National Park Quarters Collection
|Composition||Clad, 90% silver|
|Weight||5.67-6.25 grams (see Composition)|
|Mints||Philadelphia (P), Denver (D), & San Francisco (S)|
Learn About National Park Quarters
Following the popular 1999-2008 Statehood Quarters program and one-year 2009 D.C. and U.S. Territories Quarters program, the United States Mint began issuing commemorative quarters with special reverse designs celebrating national parks and other national sites. From 2010-2021, a park or site is being honored in each of the 50 states, the District of Columbia, and the five U.S. Territories – Puerto Rico, Guam, American Samoa, U.S. Virgin Islands and Northern Mariana Islands. Each national park or site was selected for its natural or historical significance.
Like the Statehood quarters program, the National Park quarters are being minted and issued at the rate of five new designs per year, in approximately ten-week intervals. The coins are being released in the order that the locations were first designated as national sites. Once the scheduled ten-week period of production is over for each issue, no more quarters of that design will be minted for circulation. People enjoy the wide variety of designs, which represent the unique beauty of each site. Plus, building a National Park quarter collection is a great way to spend time with your family – whether you're searching together for that missing issue, or using the coins as a fun teaching tool!
National Park quarters are issued in the same standard composition as the preceding Statehood, D.C., and U.S. Territories quarters. Uncirculated coins made from a copper-nickel alloy are issued by the Philadelphia and Denver Mints, while both clad and 90% silver Proofs are struck in San Francisco. From 2012 to date, Uncirculated versions of the clad quarters have also been issued by the San Francisco Mint, struck for collectors only. Measuring 24.3 mm in diameter, each clad piece weighs 5.67 grams, while the silver Proofs weigh in at 6.25 grams.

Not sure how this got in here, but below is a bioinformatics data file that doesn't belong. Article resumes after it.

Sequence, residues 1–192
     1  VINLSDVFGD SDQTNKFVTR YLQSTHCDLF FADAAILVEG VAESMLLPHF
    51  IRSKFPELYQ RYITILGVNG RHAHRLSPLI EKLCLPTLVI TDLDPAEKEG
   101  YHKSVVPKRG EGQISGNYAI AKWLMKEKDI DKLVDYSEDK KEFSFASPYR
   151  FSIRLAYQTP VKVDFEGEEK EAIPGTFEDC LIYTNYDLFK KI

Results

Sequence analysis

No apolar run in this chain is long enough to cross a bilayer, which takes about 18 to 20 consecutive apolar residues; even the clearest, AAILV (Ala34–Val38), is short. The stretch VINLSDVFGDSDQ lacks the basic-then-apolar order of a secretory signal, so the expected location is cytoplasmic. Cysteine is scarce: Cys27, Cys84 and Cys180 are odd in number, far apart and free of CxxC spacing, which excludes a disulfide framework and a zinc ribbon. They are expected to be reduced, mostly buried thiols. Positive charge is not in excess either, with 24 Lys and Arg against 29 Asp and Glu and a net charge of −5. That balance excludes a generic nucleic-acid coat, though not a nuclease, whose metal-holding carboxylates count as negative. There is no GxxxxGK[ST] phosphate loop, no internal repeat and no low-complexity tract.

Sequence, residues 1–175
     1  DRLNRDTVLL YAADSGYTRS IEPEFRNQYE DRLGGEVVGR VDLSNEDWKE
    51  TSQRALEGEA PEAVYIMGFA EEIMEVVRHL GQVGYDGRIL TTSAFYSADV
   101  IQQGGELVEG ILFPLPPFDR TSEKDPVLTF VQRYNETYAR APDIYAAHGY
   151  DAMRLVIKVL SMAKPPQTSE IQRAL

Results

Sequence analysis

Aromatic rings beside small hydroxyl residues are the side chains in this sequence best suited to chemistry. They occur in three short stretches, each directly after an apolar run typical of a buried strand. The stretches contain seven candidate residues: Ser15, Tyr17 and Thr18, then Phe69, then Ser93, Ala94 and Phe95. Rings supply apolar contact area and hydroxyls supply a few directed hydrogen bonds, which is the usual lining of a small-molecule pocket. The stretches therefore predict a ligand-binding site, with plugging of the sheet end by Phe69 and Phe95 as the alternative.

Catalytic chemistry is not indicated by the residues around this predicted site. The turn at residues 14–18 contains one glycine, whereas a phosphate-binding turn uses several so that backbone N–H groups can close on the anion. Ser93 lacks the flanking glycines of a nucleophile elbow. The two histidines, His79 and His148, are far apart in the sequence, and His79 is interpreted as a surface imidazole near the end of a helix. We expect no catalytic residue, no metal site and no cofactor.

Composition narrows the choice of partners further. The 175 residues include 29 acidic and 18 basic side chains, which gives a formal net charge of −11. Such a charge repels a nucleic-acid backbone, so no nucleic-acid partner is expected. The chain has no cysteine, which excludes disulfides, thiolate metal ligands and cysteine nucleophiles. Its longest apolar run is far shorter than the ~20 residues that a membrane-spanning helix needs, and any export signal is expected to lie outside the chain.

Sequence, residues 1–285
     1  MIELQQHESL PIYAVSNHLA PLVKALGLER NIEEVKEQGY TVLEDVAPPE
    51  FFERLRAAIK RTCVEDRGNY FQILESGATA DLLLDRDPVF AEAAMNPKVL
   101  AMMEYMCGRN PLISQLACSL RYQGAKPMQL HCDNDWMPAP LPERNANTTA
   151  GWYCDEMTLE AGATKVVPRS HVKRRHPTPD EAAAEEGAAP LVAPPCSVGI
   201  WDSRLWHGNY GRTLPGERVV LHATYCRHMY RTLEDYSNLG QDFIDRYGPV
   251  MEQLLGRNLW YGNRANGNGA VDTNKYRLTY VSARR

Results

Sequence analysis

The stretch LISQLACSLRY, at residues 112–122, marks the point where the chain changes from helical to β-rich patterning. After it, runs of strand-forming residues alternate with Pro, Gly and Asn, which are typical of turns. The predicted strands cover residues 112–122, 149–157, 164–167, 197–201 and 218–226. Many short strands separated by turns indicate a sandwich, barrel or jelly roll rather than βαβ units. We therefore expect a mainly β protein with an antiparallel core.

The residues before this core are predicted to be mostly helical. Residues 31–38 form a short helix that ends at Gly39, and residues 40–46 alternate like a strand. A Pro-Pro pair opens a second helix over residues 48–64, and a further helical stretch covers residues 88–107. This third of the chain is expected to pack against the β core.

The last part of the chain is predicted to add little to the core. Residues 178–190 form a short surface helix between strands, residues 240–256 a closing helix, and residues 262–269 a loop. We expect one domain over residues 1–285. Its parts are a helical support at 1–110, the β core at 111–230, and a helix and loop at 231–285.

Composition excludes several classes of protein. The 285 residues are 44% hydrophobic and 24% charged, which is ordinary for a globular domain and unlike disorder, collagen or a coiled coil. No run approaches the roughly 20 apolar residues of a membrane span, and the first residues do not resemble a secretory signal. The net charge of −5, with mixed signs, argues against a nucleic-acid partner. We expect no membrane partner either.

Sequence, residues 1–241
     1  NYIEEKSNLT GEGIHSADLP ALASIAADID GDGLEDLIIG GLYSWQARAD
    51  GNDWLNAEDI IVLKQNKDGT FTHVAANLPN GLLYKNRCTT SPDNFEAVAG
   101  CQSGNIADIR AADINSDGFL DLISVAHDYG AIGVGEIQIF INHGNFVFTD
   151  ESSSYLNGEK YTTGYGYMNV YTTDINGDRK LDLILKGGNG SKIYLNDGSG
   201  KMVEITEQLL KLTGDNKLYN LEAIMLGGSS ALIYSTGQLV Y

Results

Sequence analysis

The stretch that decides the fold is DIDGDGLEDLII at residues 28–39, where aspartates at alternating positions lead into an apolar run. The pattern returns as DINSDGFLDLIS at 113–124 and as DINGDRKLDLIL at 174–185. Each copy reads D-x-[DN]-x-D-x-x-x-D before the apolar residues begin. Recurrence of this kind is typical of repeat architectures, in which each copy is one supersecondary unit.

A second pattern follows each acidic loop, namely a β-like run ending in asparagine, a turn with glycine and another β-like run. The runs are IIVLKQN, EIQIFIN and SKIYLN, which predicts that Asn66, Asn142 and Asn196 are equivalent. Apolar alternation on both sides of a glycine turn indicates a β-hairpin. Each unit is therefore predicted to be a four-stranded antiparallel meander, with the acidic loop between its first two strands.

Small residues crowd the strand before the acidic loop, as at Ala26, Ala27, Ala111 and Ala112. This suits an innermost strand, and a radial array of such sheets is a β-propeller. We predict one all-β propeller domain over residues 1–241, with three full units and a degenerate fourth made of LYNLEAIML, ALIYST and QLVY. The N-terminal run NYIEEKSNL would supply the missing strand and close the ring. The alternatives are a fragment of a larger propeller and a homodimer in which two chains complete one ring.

Ways to Collect
If you're just starting out, it may be fun to start rooting around in your pocket change and seeing what you can find. This is a great way to get started, but with so many designs, it may be difficult to find some of the sites or scarcer mint marks. To build a quality collection, it is best to purchase graded coins from a trusted dealer. For the easiest way to build your collection, consider joining Littleton's Washington Quarters Club – each month you will receive a selection of National Park quarters for a 15-day examination period in your own home, risk free. If you discover any coins you like, purchasing them is simple – and if not, you can simply return them. This is a convenient way to see and handle the coins before you buy, and a great introduction to National Park quarters for a new collector.
Storage and Display
A complete year set of National Park quarters will contain 56 coins when the series ends in 2021 – a good reason to consider your options for storage and display! There are several ways to store your National Park quarter collection: for the first-time collector, a National Park Quarter Map Folder may be the simplest option. Or, you can select an easy-to-use National Park Quarter Display Folder that has predetermined spots for each site. Pairing a display folder with our coin checklist will make it even easier to complete your collection! These folders only hold one coin for each site – if you're planning on creating a complete collection, a National Park Quarter Album may be a better option. It has places for Philadelphia, Denver and San Francisco issues.
Storage is incredibly important – you worked hard on your collection, and it deserves to be beautifully displayed! Find out more about caring for your coins.
- Learn About Coins
- Coin & Currency History U.S. Coins By Type Coin Glossaries Grading Guides
- How to Get Started
- Welcome How to Collect For Beginners Top Questions
- Build a Collection
- Collecting Guides Collector Checklists Release Schedules
- Protect & Display
- Caring For Your Collection Coin Holder Guide Littleton Albums and Folders
- Read News & Articles
- Online Library Coin Collecting Resources Littleton Coin Press Room